Anything thoughts, comments, suggestions are very much appreciated.

Thank you,
Cindy
It’s not 100% clear,

Are you the servient title holder ie: you own the land, where the easment is over?

And the neighbor is the Dominate title holder?
Thank you for replying. Yes, we are the servient title holder (we own the land) and our rear neighbour (battleaxe set up) is the dominant title holder and they have lodged a DA to subdivide their property. The new lot would be a dominant title holder too as they would access that property via the existing easement which would be extended through the second property.
 

Tripe

Well-Known Member
22 May 2017
220
13
619
Ok

You need to find out if there is any written conditions on the right of way ? Look under the schedules on your title Or get the neighbour to prove any written condition on the right of way


In general, as the servient title holder, you have zero obligations to maintain the right of way and the neighbour who is subdividing, has zero rights to enforce any maintenance conditions on you.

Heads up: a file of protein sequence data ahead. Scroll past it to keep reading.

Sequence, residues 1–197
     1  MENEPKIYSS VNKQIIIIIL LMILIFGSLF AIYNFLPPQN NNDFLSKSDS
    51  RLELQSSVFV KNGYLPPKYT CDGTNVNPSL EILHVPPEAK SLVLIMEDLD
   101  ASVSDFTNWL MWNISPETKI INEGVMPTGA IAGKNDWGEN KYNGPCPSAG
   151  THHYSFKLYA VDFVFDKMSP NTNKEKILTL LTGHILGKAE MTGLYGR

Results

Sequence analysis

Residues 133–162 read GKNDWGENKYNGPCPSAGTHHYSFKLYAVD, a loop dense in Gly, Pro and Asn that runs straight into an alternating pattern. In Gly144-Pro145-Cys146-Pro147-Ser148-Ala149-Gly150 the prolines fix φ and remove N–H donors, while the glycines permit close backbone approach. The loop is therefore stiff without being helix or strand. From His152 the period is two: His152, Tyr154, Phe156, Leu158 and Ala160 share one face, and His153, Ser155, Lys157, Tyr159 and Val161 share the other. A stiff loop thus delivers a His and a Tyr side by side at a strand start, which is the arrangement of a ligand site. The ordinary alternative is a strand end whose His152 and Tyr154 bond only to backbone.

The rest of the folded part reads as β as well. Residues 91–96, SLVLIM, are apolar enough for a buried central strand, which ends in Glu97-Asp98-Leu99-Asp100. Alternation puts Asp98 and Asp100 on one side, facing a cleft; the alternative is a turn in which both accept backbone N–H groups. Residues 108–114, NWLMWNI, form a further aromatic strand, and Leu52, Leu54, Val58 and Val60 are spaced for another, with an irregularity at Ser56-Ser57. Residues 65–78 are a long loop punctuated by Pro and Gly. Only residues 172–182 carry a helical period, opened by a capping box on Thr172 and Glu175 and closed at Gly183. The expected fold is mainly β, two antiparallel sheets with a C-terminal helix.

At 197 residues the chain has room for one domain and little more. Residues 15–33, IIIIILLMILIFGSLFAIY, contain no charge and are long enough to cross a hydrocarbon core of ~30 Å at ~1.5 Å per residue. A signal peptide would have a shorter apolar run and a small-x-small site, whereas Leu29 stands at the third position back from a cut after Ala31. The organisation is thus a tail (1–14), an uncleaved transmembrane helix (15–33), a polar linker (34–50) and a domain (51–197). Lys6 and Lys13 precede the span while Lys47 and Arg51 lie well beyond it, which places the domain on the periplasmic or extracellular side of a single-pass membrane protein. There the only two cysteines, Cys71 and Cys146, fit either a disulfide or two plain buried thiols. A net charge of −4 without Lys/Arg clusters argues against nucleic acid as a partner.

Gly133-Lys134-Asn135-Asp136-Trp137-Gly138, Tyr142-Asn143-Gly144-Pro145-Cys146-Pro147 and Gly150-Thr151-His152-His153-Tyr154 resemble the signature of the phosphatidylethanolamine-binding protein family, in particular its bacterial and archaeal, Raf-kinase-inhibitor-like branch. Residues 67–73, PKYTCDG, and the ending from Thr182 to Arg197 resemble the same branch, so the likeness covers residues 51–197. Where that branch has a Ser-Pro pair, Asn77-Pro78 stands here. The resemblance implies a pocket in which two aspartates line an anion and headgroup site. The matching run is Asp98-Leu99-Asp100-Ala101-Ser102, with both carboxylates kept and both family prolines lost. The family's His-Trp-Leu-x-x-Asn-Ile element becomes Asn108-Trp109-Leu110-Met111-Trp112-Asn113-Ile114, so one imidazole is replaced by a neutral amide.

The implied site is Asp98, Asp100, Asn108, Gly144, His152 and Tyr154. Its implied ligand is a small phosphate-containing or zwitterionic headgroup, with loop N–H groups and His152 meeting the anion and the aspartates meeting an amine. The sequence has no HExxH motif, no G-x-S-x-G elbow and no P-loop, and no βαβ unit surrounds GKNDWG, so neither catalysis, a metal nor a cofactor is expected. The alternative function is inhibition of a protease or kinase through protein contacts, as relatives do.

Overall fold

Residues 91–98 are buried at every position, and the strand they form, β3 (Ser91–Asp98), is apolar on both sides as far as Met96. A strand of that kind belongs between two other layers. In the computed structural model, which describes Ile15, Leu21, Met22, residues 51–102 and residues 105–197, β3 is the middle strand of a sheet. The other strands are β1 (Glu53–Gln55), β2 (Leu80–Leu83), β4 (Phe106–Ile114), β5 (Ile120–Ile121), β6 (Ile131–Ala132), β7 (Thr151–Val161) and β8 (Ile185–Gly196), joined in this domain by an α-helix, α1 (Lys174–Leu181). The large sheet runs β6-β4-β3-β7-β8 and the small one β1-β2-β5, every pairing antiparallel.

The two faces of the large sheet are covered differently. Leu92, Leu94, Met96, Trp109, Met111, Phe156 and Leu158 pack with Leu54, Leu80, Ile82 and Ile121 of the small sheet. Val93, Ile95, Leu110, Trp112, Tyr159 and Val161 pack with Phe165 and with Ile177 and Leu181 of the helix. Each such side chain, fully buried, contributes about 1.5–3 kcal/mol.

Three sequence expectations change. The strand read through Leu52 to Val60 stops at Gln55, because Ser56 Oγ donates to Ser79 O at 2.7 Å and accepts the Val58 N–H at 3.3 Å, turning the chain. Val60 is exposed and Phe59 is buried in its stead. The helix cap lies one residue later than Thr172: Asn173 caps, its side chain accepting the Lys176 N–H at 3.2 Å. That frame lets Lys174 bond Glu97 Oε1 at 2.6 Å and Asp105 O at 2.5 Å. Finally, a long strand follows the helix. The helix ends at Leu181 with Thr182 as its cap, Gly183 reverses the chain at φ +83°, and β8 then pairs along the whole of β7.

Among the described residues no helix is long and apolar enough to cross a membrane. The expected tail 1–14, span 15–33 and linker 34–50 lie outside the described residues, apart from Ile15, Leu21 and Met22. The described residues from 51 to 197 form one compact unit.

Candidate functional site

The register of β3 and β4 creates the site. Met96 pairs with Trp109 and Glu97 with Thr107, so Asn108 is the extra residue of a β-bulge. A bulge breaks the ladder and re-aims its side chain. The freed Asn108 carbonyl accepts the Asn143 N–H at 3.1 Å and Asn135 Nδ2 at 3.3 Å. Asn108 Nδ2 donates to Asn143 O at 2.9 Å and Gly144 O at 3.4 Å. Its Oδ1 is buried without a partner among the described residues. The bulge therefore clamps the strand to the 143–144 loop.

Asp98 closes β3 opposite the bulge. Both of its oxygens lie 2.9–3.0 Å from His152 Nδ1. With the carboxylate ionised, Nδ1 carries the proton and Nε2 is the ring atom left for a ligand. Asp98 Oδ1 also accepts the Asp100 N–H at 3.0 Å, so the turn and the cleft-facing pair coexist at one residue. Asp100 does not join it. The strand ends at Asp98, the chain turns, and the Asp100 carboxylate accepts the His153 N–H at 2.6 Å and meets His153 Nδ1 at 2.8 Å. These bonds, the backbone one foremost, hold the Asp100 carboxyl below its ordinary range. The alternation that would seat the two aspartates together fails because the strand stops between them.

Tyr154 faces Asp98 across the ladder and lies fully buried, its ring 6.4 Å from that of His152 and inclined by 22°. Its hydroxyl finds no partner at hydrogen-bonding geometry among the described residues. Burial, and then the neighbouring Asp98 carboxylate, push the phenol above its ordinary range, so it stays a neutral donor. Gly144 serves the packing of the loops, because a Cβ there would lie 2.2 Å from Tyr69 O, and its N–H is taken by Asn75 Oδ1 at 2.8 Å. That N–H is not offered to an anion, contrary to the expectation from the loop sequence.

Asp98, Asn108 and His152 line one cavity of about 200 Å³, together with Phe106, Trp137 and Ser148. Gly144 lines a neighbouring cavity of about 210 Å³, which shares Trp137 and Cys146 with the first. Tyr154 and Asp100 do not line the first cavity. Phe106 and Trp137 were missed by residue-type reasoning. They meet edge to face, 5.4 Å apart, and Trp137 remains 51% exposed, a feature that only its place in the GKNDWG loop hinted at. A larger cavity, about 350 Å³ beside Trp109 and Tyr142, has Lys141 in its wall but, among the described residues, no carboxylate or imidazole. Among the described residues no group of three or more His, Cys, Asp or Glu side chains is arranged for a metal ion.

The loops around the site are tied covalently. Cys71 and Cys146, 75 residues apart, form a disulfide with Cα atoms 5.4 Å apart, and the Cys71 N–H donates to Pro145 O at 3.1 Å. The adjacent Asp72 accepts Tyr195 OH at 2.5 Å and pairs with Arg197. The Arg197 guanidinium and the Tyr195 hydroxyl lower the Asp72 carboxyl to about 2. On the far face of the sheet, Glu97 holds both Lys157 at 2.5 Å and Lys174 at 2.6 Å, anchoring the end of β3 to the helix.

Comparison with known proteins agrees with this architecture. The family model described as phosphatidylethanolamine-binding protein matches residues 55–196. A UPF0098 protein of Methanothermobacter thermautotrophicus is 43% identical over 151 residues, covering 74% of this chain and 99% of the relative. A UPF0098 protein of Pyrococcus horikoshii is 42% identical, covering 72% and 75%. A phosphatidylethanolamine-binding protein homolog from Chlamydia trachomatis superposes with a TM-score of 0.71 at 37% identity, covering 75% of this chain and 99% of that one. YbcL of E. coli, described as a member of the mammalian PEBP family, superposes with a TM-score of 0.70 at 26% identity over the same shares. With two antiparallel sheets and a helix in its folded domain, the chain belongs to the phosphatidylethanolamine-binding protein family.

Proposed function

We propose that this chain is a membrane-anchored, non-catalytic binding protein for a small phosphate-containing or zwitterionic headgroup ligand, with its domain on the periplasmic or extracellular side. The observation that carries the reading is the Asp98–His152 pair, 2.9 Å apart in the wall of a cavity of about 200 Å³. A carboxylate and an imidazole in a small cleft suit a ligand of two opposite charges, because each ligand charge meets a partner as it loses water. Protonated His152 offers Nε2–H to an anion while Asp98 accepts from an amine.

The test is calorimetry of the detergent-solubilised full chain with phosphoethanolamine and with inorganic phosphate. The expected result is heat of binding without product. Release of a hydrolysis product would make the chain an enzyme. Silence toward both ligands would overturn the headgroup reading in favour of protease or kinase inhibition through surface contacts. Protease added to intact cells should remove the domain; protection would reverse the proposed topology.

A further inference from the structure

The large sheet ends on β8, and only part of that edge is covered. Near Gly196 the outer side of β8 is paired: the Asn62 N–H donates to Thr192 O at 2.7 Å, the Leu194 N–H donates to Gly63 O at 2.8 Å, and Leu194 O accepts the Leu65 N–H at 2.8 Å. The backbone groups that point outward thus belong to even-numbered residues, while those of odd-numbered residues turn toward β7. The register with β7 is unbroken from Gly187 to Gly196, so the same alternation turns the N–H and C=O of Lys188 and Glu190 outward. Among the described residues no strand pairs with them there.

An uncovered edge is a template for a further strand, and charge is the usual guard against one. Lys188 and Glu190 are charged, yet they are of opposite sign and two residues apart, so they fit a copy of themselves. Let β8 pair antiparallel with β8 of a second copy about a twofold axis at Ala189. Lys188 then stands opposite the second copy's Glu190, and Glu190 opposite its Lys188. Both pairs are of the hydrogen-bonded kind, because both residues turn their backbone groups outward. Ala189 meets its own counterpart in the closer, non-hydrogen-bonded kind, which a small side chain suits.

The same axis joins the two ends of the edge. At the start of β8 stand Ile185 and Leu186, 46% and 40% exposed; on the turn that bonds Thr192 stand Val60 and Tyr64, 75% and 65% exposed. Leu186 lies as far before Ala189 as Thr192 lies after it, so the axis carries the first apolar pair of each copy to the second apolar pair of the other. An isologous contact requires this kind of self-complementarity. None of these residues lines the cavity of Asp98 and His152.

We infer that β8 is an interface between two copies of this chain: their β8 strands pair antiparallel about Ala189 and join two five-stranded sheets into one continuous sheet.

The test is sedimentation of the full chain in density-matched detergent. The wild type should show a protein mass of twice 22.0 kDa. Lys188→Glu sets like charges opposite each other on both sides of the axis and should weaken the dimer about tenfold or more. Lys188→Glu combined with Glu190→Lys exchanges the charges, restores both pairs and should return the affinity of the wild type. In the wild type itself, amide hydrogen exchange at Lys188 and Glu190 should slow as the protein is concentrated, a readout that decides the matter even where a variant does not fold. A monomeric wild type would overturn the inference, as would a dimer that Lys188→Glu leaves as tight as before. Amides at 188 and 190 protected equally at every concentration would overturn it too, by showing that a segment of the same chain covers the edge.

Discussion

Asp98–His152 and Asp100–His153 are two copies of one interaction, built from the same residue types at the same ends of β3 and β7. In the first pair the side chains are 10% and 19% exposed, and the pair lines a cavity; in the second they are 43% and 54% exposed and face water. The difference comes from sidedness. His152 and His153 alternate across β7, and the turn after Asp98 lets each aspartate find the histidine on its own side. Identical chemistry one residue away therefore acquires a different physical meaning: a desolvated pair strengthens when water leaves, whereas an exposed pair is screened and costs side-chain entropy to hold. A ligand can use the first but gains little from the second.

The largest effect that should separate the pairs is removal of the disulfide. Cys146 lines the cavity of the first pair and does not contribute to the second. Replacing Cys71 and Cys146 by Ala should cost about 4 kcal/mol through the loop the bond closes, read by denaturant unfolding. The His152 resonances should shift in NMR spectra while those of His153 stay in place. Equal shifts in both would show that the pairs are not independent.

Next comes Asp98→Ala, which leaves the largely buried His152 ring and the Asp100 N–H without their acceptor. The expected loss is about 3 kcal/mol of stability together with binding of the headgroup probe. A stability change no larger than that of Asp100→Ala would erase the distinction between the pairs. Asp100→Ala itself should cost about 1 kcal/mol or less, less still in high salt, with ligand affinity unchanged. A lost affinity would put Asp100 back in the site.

it’s your land, not his.

However, You can organise maintenance on the right of way and seek a reasonable pro rata share of costs from the dominant title holder.

The new land parcels, still have enjoyment of the right of way, as it applied to the larger block.

As for fencing, the neighbour can use, the dividing fences act, to get you to contribute to a new fence or repair a fence on any common boundaries to a standard of a “Sufficient fence” , by use of
“ A notice to fence”

If you disagree to this request , you can reply to the neighbour and say that
“The current fencing is sufficient and you won’t be contributing to any fencing costs”

However, the dividing fencing act or similar in your state would allow your neighbour the right to arbitration to settle any impass on the issue.

So, if the boundary fences are in good order and sufficient, you most likely have no obligation to contribute.

Further, if the neighbour does any repair or installs new fencing, with out using “ a notice to fence” or having you agreeing to pay a cost, you have zero obligations to contribute to the cost.